Sjogren’s Syndrome is an autoimmune disorder you’ve probably never heard of, but just might know someone with it. It occurs when an inflammatory response triggers the immune system to attack the moisture-producing (called exocrine) glands, which secrete fluids into tissues throughout the body to make things operate smoothly.
Ranging from your eyes and mouth to your entire gastrointestinal tract, kidneys, bladder, liver, lungs, and skin – anything that requires moisture to work well probably has an exocrine gland helping it out. When chronic systemic inflammation causes your immune system to attack exocrine glands, they can’t do their job.
Symptoms and Complications
When the organs served don’t get the fluid they need, more inflammation results there too. The most frequent symptoms of Sjogren’s Syndrome are:
- severe dry eyes and mouth
- joint pain and fatigue
- vaginal dryness
Less common complications are:
- disorders of the lungs
- disorders of the kidneys
- disorders of the liver
- disorders of the intestines
- Non-Hodgkin’s Lymphoma
For a copy of this downloadable infographic, click the image.
Up to four million Americans have it, many are likely undiagnosed. Diagnosis typically takes years, and sometimes decades, due to symptoms being so varied and difficult to tie together. In addition, the diagnostic criteria hasn’t been nailed down yet, unfortunately. There are three distinct diagnostic classifications of Sjogren’s, and depending on which one your doctor is using, you may or may not get the label.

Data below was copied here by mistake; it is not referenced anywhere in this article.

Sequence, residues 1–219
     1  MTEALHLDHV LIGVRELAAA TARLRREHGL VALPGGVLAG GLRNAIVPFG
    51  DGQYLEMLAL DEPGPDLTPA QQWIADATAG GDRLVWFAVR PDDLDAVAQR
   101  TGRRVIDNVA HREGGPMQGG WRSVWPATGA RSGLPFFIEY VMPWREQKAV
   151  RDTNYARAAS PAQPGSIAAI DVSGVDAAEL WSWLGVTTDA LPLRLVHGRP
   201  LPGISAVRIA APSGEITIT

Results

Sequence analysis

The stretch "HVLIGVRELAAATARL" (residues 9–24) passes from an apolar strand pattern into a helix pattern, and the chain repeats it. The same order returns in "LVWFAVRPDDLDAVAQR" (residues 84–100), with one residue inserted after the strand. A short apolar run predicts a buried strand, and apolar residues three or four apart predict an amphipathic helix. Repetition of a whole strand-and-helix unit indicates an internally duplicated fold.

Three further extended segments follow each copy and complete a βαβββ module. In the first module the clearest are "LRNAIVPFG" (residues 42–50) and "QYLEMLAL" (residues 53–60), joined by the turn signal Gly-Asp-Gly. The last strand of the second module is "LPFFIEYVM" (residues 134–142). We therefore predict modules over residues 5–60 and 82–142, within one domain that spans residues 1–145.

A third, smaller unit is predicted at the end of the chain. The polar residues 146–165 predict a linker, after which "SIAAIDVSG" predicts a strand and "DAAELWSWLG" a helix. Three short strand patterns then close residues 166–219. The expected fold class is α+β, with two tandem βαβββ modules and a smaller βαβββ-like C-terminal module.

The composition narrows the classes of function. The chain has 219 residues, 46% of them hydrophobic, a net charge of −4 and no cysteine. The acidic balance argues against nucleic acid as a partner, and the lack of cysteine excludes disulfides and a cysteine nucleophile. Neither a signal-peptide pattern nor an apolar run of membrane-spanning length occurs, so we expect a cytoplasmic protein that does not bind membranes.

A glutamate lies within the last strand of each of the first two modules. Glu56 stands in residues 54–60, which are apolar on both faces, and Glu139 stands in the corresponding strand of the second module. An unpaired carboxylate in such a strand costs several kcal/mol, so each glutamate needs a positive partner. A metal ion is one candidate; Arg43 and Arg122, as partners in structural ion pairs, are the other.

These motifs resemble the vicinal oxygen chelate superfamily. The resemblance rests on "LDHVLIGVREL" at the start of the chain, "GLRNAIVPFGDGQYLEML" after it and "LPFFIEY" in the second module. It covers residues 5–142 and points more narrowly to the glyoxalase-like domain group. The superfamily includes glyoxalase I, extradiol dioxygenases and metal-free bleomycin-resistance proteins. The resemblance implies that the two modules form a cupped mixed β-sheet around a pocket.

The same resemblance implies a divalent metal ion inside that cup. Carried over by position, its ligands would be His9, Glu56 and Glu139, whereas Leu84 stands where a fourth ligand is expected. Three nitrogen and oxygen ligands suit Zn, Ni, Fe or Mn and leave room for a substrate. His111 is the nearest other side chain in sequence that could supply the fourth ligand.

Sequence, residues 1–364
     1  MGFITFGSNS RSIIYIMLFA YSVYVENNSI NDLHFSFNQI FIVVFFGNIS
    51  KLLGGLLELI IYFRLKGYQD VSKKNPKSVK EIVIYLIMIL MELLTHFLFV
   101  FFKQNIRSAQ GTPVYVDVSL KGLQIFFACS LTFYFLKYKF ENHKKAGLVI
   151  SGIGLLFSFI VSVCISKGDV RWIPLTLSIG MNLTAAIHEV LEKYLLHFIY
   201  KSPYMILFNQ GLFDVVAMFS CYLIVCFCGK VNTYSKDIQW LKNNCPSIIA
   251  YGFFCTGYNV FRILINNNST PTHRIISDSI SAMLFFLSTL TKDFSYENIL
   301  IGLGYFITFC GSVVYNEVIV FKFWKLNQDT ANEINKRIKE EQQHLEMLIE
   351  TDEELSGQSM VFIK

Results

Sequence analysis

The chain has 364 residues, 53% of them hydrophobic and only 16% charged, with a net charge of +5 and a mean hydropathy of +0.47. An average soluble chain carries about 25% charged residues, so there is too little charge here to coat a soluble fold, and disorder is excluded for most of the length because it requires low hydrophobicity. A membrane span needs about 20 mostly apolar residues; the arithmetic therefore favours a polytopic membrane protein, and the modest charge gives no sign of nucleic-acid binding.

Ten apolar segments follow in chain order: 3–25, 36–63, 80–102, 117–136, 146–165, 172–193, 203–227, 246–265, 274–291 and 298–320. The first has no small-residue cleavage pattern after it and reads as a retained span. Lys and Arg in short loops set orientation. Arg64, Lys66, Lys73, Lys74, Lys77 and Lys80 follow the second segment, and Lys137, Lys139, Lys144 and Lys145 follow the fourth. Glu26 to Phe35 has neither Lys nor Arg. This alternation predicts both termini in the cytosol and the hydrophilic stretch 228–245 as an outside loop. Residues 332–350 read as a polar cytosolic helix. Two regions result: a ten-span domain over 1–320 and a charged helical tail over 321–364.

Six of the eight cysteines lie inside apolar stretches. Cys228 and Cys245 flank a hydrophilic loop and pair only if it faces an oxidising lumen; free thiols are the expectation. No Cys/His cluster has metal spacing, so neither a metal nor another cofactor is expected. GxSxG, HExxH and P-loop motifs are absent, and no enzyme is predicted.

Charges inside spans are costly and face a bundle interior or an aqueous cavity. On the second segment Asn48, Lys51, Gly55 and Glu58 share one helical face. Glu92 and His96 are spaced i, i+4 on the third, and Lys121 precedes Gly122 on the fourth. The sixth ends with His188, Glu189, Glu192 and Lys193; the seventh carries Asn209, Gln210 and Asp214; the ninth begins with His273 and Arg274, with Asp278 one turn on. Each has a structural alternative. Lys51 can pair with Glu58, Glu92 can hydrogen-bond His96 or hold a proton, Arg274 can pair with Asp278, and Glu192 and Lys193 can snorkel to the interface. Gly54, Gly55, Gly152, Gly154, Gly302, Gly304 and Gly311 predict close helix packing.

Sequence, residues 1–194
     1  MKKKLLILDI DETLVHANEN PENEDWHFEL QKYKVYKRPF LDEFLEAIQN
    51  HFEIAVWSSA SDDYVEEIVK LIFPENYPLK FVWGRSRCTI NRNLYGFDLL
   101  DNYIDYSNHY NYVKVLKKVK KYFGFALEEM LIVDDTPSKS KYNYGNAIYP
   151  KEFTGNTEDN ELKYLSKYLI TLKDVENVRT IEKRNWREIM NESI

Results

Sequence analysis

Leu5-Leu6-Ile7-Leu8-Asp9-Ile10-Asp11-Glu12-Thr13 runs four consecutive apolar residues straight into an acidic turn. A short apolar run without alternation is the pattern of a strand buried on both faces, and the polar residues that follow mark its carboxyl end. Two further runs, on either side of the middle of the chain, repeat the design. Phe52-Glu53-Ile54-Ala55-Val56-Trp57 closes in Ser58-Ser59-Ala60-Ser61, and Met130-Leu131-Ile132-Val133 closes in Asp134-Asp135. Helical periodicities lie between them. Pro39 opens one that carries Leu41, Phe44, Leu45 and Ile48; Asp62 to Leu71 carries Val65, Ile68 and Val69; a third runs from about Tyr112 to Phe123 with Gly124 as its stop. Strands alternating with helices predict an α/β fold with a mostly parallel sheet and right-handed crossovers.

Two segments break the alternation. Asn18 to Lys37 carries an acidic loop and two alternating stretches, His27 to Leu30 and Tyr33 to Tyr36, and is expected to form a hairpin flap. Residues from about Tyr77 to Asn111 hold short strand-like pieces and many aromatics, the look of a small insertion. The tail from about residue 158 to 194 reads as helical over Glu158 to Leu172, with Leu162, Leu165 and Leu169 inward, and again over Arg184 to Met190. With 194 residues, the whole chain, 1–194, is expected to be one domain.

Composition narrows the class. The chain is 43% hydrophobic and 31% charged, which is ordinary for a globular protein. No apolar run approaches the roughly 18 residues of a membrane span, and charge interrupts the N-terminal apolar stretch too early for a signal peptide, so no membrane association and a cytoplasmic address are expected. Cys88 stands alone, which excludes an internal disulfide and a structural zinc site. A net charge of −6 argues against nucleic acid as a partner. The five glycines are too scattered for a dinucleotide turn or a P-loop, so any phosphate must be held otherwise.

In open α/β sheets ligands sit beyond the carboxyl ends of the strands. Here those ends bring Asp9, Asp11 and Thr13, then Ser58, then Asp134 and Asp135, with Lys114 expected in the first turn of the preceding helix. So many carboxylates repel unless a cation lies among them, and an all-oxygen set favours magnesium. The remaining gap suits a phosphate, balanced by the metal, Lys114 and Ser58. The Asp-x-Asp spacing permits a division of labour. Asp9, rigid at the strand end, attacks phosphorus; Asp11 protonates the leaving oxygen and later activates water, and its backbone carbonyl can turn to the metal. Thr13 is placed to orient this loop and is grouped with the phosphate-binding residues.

The stress of living with symptoms of Sjogren’s Syndrome but no diagnosis adds a layer of complication to the already frustrating and exhausting symptoms caused by the disorder. Often, people with Sjogren’s Symptoms are viewed as one of the “worried well” until it occurs to one of her physicians to test for it.
Most symptoms and complications are managed by specialists for each affected body system, and the condition is not considered fatal, despite having no cure. People living with this can range from having barely noticeable symptoms to disability from the impact it has on different body systems. If it sounds like you, ask your doctor about Sjogren’s.
Living with Sjogren’s Syndrome can make life cumbersome, to say the least. To get a good sense of what it’s like to live with Sjogren’s Syndrome, here’s my description of it in the blog.
Learn more by visiting the Sjogren’s Syndrome Foundation or checking out the book I wrote for Sjogie’s and their families.
One of the first steps in getting control of your symptoms of Sjogren’s is to identify what your triggers are. Here’s my new tracking journal (physical book) available for purchase, (click the image)